If, for instance, edge module-X wants to know if it can reach edge module-Y. Edge module-X sends a continuity packet to edge module-Y through a given route, i.e., a route to be tested. The continuity packet may include an identifier of edge module-X (i.e., the network address of edge module-X) and a serial number that is specific to the directed edge module pair {edge module-X, edge module-Y}. Preferably, to reduce the volume of packets, the continuity packet would also inform edge module-Y about the latest packet number that edge module-X received from edge module-Y. Thus, edge module-Y is provided with the knowledge that edge module-X may be reached through the route previously chosen by edge module-Y (the route that was being tested by edge module-Y) and, likewise, when edge module-Y replies with a “piggy-back” of the latest packet number sent by edge module-X to edge module-Y, edge module-X can determine whether or not the tested edge module-X-to-edge module-Y route is functional. If not, edge module-X marks the route-set to edge module-Y accordingly until continuity is assured at a later time.

Understandably, this exchange of packets leads to an amount of overhead traffic in the high-capacity network 102. In an exemplary network with a total capacity of 20 Petabits/second, comprising 10,000 edge modules of four Terabits/s capacity each (two Terabits/s of user access and two Terabits/s facing the core), the overhead of exchanging continuity packets would be of the order of 20 Megabits per second per edge module. The relative overhead in this case is 10−5 (20 Mb/s divided by 2 Tb/s), which may be considered a very insignificant cost.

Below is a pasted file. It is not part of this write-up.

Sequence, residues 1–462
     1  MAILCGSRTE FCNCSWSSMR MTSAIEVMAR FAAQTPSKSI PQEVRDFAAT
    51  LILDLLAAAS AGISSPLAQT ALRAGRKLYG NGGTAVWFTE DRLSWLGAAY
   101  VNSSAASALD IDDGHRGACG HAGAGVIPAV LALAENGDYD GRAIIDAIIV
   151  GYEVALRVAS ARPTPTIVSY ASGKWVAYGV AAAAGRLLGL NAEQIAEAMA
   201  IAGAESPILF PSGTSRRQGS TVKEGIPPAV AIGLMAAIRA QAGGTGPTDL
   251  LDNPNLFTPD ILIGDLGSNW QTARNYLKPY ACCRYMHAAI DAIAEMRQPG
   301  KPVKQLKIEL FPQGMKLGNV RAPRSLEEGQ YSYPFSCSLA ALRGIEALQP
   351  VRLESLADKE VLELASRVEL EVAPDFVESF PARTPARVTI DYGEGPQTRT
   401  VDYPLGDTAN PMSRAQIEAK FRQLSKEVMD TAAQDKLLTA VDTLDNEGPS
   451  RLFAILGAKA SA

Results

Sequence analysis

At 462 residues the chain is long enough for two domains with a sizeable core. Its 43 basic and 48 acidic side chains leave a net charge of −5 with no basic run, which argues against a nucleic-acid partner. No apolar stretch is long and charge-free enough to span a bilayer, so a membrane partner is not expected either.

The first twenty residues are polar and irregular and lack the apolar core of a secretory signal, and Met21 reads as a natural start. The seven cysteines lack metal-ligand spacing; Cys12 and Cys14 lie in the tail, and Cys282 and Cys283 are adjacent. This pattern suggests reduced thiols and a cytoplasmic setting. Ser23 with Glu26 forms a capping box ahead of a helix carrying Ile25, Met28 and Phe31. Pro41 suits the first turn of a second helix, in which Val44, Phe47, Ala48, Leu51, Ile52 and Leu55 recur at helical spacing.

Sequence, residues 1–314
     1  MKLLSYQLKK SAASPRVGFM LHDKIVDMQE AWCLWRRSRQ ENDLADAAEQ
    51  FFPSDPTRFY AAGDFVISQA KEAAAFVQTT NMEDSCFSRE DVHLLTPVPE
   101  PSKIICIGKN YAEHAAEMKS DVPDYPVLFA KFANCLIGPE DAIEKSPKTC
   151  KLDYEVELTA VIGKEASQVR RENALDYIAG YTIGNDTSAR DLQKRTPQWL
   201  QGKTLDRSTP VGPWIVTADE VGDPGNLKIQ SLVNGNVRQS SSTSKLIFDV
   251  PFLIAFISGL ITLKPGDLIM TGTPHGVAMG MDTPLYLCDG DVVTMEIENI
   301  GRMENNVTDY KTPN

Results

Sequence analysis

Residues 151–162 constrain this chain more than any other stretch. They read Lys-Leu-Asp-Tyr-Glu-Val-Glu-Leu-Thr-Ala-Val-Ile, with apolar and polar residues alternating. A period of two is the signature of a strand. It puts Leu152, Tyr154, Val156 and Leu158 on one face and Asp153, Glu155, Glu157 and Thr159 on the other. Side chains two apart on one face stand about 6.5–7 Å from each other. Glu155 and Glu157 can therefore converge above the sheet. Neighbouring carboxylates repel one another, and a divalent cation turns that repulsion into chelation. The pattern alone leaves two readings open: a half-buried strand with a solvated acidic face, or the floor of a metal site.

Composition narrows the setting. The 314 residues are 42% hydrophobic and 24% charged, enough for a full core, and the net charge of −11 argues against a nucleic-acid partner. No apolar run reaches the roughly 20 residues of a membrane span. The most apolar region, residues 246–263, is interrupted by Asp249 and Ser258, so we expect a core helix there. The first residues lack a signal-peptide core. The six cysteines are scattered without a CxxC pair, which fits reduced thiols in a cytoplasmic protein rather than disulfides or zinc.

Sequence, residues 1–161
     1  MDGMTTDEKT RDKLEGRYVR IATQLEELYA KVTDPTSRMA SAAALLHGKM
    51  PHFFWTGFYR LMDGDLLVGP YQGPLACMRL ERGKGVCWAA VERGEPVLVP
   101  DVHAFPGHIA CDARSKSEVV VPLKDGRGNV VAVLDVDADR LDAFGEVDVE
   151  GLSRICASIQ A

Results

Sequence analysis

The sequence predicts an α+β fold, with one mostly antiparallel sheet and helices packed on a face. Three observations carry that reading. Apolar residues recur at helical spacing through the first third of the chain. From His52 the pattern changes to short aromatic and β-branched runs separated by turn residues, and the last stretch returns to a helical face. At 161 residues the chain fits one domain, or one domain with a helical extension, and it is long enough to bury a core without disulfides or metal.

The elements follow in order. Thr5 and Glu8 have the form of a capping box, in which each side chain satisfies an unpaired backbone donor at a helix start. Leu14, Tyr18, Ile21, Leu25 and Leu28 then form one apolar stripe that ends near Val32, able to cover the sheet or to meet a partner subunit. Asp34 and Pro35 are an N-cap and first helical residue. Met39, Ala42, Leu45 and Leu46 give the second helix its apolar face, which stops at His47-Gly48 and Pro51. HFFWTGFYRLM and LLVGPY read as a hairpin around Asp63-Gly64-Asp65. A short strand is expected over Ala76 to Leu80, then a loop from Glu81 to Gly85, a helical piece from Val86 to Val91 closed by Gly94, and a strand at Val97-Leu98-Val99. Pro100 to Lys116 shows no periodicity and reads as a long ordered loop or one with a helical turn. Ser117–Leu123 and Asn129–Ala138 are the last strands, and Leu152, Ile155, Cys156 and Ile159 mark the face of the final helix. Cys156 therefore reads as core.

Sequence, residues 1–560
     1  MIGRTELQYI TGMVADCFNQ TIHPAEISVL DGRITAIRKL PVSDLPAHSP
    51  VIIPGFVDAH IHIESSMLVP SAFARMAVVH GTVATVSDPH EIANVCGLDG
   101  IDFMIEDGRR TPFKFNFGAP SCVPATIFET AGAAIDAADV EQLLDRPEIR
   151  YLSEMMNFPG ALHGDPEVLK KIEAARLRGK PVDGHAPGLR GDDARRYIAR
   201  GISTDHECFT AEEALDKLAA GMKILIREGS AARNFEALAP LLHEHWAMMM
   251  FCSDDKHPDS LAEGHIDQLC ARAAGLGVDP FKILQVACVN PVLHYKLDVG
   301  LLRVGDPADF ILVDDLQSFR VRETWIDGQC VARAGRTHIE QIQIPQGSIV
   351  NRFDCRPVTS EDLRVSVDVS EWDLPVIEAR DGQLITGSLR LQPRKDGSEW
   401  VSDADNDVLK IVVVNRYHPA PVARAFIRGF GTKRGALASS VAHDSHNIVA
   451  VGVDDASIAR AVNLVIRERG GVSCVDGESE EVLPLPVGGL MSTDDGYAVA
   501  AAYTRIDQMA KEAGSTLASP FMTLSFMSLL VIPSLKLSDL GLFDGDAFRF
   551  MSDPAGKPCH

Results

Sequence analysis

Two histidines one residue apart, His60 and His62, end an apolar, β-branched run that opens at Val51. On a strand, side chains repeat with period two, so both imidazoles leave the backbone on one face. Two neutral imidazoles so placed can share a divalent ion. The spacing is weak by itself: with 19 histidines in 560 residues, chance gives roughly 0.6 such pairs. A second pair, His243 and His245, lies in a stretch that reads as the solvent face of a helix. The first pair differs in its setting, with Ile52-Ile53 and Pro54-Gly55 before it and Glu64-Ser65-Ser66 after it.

In the high-capacity network 102, link failures (and node failures) do not result in route-set regeneration. Routes in an existing route-set may, instead, be marked as temporarily unavailable until recovery. A method of handling network-failure conditions is described in U.S. patent application Ser. No. 09/405,003, hereinbefore referenced.

For a given edge module pair that includes a source edge module and a destination edge module, there is a multitude of routes through a lattice network. For an N-dimensional lattice network, it is preferable that N shortest routes are used. As described in U.S. patent application Ser. No. 09/624,079, titled “Multi-Dimensional Lattice Network,” each edge module 104 maintains capability to generate a route-set corresponding to each other edge module 104, where a route-set to a particular other edge module is a list of all possible “mutually exclusive” routes to the particular other edge module 104. These routes may be ranked according to some criteria such as capacity or propagation delay. Once determined, these route-sets are modified only when necessitated by planned topological changes. Failures, of particular nodes or links to particular nodes, only temporarily suspend the use of one or more routes in a route-set. The source edge module may select a particular route to the destination edge module randomly from the route-set or according to a predetermined load sharing method.